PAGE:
High volumes of political mail in the run-up to May’s snap election helped to slow the decline in Royal Mail’s UK business during its first quarter, but the company still relied on its overseas businesses to register overall revenue growth.
Revenues from UK letters in the three months to June 25 were 4 per cent lower than the same period last year, but the company said this would have been worse were it not for “higher than expected revenue associated with the UK political parties’ 2017 general election mailings”.
Growing revenues from parcel deliveries also helped to offset some of the decline in letters, and total revenues from the UK business slipped 1 per cent.
The FTSE 100 group has been battling a structural decline in paper-based correspondence, and is shifting its focus to parcel deliveries which have benefited from the growth of online shopping.
Its UK business also faces shorter-term challenges in the form of economic uncertainty, which has reduced letter volumes, and the threat of strike action due to a dispute over pensions.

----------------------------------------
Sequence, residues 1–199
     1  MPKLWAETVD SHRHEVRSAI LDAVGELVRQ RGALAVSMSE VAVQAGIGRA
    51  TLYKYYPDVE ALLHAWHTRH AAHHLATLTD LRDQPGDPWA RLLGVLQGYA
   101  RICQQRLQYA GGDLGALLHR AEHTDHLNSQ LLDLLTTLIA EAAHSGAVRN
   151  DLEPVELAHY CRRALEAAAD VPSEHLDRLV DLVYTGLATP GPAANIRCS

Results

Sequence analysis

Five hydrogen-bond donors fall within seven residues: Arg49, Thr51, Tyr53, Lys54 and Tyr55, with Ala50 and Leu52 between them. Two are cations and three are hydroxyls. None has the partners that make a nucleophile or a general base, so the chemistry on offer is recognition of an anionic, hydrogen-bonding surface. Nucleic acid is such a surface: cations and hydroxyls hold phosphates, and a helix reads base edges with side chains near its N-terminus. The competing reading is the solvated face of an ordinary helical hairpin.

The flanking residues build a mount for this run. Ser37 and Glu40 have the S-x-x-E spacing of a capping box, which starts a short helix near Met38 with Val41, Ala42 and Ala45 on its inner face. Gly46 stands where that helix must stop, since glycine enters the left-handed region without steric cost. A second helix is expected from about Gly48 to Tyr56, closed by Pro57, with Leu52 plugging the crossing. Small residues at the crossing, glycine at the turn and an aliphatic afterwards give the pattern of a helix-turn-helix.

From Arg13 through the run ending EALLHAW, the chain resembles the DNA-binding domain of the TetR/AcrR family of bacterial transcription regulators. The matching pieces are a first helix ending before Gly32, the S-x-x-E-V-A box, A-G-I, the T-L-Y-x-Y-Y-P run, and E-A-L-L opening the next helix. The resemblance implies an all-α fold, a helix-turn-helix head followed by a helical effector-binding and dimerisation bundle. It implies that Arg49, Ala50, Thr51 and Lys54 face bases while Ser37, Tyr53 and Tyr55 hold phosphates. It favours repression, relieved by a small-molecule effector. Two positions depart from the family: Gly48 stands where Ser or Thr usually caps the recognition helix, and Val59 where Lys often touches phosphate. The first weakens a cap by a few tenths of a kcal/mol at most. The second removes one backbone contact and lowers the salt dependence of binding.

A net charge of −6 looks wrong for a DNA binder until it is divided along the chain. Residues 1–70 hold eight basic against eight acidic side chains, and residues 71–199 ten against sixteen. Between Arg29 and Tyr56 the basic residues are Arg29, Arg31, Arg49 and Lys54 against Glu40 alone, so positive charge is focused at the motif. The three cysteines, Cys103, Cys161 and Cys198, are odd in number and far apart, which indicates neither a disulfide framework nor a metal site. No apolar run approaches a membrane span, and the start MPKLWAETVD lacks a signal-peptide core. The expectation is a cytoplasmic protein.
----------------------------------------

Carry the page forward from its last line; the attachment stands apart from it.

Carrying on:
Last week the company made a new pension offer to staff after announcing it would close its existing defined benefit scheme, but the union representing its frontline workers has maintained its opposition.
Royal Mail’s GLS business, which operates parcel delivery networks across Europe and North America, increased revenues by 6 per cent year on year. The overseas growth meant that overall revenues in the period increased by 1 per cent.
Moya Greene, Royal Mail chief executive, said:
GLS continues to be a driving force for the Group. Its ongoing, focussed international expansion is increasing our geographic diversification, scale and reach. In UK, parcels, our quality of service and improved product offerings are driving high levels of customer satisfaction and attracting new customers and higher volumes. Our performance in letters was better than we expected, despite continued business uncertainty in the UK.